In Wisconsin, as with other states, criminal cases are filed by the state on behalf of the victim. In order for criminal charges to be filed, an individual must notify law enforcement of the sexual abuse.

Law enforcement will investigate the claims. The prosecution may file charges against an abuser.

If a suspect is found guilty of a criminal offense, they may be sentenced to significant jail time as well as being required to register as a sex offender. The criminal statute of limitations in Wisconsin will vary depending on the severity of the offense, including:

  • First degree sexual assault: There is not a statute of limitations;
  • Other sexual crimes against a minor: Prior to the victim’s 45th birthday;
  • Second and third degree sexual assault: 10 years;
  • Other felony sexual assault: Six years; and
  • Misdemeanor offenses: Three years.

If DNA evidence is used to identify the offender, criminal charges may be filed during the 12 months following the offender’s identification, even if the SOL has expired. Although the criminal SOL are lengthy in Wisconsin, an individual should not delay reporting their sexual abuse.

The prompt reporting of an offense can help law enforcement build a stronger case against an abuser using DNA and other evidence. Child sexual abuse occurs when an individual:

  • Improperly touches a child’s private parts;
  • Shows a child improper nude pictures;
  • Takes pictures of the child when the child is undressed;
  • Entices the child with the intent of sexually abusing the child;
  • Engages in explicit sexual conduct with the child.

If an individual is convicted of child abuse, they face severe consequences. The court will consider the age of the child as well as the severity of the abuse when determining the punishment.

Criminal consequences for child abuse may include:

  • A term of imprisonment;
  • Criminal fines from several hundred to several thousand dollars;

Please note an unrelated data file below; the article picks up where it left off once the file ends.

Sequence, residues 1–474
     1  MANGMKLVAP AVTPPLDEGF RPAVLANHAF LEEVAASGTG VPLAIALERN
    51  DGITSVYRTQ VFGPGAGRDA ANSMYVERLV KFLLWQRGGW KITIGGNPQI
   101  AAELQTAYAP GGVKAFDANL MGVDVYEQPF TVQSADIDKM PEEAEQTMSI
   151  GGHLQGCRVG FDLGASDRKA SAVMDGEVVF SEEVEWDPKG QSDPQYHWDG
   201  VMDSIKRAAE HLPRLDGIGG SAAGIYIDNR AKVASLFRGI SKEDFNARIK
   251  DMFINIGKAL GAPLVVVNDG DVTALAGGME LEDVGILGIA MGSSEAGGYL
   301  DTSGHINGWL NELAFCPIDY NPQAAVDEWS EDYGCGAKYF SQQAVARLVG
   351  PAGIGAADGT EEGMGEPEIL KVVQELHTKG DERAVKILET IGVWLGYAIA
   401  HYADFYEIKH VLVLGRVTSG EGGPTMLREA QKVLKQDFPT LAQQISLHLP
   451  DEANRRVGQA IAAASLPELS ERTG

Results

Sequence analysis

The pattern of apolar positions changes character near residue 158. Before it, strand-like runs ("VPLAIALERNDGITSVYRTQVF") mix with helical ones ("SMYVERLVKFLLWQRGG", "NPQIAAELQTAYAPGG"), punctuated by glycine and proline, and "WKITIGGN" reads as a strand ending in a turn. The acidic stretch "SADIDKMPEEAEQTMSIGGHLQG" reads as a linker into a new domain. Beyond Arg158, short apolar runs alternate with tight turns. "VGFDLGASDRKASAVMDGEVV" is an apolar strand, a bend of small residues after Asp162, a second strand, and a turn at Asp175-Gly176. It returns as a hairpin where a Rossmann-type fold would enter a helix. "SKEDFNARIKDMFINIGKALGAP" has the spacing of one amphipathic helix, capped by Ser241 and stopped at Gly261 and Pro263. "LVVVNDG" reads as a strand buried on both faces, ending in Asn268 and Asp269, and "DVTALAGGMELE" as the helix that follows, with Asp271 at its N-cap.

• Probation lasting from a few months to a year;
  • Loss of custody or visitation rights with their children;
  • Anger management or parenting classes

If the offense involved sexual abuse, the perpetrator may be required to register as a sex offender, possibly for life.
Child abuse is a serious crime. Any individual who has been charged with it should consult an experienced criminal defense attorney.

Other Compensation for Crime Victims

The Crime Victim Compensation Program in Wisconsin helps pay for a victim’s crime-related medical bills as well as other expenses. A victim may be eligible for up to $40,000 in benefits.

There are, however, reporting and filing deadlines that apply to victim compensation claims. Typically, the individual is required to report the crime to law enforcement within 5 days of the crime or within 5 days of when the crime could have been reasonably reported.

An adult victim must apply for benefits within 1 year of the abuse. A minor victim must apply for compensation within a year of turning 18.

Do I Need a Wisconsin Criminal Lawyer for Help with a Case?

It is common for sexual abuse claims not to be pursued for many reasons. It is important for you to know that you do not have to face your abuser alone.

Your personal injury lawyer can help you file a civil case for compensation, advise you of your rights, and provide emotional support throughout the process. It is also important to file criminal charges with law enforcement.

If you have been charged with a sexual abuse crime, it is important to consult with a Wisconsin criminal lawyer. Your lawyer will help ensure your rights are protected during the criminal prosecution process.